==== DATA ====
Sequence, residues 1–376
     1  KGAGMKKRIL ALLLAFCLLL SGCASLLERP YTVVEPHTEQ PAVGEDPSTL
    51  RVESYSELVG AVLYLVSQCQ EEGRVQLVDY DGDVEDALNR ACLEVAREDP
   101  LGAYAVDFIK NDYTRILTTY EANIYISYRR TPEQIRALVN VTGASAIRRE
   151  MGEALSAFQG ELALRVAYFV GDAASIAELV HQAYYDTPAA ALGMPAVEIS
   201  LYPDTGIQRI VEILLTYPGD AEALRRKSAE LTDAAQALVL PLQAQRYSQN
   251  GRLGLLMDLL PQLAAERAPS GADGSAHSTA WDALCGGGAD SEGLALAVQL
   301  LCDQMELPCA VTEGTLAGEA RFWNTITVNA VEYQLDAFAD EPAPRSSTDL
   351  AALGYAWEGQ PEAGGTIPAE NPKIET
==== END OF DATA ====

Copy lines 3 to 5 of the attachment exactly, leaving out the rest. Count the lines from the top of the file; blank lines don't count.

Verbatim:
    51  RVESYSELVG AVLYLVSQCQ EEGRVQLVDY DGDVEDALNR ACLEVAREDP
   101  LGAYAVDFIK NDYTRILTTY EANIYISYRR TPEQIRALVN VTGASAIRRE
   151  MGEALSAFQG ELALRVAYFV GDAASIAELV HQAYYDTPAA ALGMPAVEIS